It was mid-winter, early evening, and as dark as the sky could get given the street lights of the city neighborhood. Over ten hours after leaving the Twin Cities, I finally pull the car into the cramped parking lot behind my college-age daughter’s apartment building in Ann Arbor, MI. I open the car door to an unexpected din and look up to see a flock of crows in the branches of a tree above the car. When my daughter, Noelle, comes out to meet me, I say, “Wow, look at all the crows in this tree!” She gives me one of those looks kids reserve for their parents, that translates to something like, ‘you poor, dear, clueless thing.’
“Um, Mom? Look around.”
The trees to either side are also full of crows, and the trees next to them. As far as we can see, the treetops are a mass of shifting birds and flapping wings. Judging from the sound, they surround us on all sides, extending far out of sight beyond the rooftops. The ground and parked cars are covered in their whitewash. Not a place to dawdle.
The birds keep up their excited ruckus all through the night: all manner of calls that we can hear through the closed windows and thin walls of the apartment. It’s thrilling, marvelous, a little unnerving. “How long has this been going on?” I ask Noelle the next morning. “For awhile,” she shrugs. “You get used to it.” Clearly, the only choice is to choose your mindset.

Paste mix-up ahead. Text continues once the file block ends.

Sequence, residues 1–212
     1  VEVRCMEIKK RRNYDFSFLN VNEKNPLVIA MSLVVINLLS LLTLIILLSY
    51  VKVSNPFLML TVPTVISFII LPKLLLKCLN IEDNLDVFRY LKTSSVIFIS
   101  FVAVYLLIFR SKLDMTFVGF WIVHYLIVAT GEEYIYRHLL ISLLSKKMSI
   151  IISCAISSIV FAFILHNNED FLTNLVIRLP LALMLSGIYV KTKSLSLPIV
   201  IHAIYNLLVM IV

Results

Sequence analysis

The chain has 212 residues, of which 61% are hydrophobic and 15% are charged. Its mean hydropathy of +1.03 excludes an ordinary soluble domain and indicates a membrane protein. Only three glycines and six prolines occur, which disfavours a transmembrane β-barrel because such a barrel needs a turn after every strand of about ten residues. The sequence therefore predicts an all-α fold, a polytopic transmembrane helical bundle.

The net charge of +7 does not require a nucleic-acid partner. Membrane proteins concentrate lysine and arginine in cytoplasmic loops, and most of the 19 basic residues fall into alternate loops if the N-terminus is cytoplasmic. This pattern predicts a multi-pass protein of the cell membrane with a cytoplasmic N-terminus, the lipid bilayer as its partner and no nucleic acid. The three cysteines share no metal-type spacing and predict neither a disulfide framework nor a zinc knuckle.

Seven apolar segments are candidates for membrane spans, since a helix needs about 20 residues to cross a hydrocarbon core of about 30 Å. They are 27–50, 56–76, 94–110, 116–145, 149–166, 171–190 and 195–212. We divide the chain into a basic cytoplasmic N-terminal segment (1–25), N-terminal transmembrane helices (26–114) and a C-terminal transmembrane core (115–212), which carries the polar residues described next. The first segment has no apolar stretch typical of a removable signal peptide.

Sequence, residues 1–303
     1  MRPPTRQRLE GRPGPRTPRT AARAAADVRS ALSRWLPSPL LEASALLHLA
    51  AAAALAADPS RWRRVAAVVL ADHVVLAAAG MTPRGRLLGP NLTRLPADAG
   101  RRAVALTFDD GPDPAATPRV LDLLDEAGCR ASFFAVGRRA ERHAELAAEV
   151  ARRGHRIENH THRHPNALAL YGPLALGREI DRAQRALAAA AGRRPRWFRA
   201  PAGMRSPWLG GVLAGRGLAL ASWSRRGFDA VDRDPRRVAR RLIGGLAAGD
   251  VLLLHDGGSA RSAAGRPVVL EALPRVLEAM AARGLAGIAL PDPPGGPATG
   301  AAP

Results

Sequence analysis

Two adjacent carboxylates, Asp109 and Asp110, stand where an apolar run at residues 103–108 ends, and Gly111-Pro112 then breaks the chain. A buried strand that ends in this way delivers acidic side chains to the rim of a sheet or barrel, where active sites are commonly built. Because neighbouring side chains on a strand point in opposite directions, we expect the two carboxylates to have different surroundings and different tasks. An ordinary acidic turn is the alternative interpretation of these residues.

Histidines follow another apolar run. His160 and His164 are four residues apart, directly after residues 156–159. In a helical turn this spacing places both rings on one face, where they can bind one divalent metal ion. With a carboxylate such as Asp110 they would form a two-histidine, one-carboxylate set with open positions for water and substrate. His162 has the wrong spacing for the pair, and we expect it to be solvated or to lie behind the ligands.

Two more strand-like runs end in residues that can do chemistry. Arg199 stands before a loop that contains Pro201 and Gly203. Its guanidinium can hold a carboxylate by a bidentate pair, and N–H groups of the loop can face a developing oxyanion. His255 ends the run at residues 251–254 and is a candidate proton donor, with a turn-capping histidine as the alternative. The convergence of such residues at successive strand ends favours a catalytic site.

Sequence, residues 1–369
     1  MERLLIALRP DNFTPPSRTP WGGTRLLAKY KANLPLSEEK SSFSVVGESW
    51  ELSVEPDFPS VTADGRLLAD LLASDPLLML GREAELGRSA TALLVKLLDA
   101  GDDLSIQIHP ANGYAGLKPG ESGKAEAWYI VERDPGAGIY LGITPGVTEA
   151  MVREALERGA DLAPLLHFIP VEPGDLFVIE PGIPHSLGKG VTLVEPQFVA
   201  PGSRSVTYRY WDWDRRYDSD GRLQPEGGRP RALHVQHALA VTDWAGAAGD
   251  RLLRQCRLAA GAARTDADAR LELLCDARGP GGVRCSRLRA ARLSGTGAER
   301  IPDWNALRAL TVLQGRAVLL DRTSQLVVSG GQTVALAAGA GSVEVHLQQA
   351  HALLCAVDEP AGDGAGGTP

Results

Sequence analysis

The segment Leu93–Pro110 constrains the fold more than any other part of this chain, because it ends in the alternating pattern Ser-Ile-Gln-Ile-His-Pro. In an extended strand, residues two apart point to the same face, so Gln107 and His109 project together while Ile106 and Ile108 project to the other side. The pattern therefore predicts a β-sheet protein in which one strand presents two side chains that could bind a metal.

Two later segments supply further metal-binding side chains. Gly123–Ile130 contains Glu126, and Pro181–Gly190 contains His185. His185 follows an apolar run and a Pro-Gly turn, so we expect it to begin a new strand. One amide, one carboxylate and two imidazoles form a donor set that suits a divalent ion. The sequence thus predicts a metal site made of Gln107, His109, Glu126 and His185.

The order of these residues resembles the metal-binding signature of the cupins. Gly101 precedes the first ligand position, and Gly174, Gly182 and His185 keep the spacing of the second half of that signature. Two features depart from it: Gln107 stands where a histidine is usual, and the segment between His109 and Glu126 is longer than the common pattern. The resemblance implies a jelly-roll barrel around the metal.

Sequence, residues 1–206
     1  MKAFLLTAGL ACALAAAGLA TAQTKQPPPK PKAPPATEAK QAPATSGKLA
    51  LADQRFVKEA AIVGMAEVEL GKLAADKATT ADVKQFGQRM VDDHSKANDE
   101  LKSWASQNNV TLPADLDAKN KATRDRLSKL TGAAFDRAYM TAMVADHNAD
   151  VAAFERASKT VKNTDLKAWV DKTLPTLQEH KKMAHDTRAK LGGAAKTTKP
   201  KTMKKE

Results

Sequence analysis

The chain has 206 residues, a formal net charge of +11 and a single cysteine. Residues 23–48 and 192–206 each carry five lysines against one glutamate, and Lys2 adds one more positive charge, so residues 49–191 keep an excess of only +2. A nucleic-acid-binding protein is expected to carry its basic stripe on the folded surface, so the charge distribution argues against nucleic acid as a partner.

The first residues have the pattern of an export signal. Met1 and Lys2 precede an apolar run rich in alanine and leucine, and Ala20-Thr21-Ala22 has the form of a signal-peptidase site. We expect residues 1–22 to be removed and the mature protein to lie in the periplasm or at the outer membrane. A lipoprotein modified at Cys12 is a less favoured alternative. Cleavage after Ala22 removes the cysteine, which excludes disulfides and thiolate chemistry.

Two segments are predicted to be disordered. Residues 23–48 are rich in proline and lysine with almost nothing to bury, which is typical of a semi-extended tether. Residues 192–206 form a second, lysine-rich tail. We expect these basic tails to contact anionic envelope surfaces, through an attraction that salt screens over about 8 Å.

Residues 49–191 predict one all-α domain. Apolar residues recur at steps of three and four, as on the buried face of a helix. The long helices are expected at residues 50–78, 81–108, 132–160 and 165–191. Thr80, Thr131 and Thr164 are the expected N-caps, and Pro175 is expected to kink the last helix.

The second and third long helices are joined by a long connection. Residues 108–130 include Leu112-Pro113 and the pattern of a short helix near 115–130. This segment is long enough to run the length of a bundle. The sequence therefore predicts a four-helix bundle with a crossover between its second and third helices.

This seasonal convergence of crows in Ann Arbor, I later learn, is a longstanding tradition in the city. Once back home in Minnesota (after cleaning the car windows with an unfortunate gas station squeegie enough to see a smeary Chicago) I get in touch with Washtenaw County Audubon, and am astounded to learn of its magnitude.
“In recent years, counts have been in the 10,000-12,000 range,” says Jacco Gelderloos, “but they have historically been much higher, more like 15,000-20,000.”
Gelderloos has participated as a volunteer in the annual Audubon Christmas Bird Count in Ann Arbor for more than 20 years, 15 of which he has also served as compiler of results for the city’s inclusion in National Audubon’s hemisphere-wide totals. In the past few years, he’s been designated the counter of the crow roost.
Each year on the 3rd Saturday of December, volunteers fan out across this Michigan city, recording all birds of all species they observe in their assigned zones. The search area is a circle with a 7.5-mile radius centered on the Foster Road Bridge. Volunteers are typically assigned one of 8 areas within this circle for the day-long count.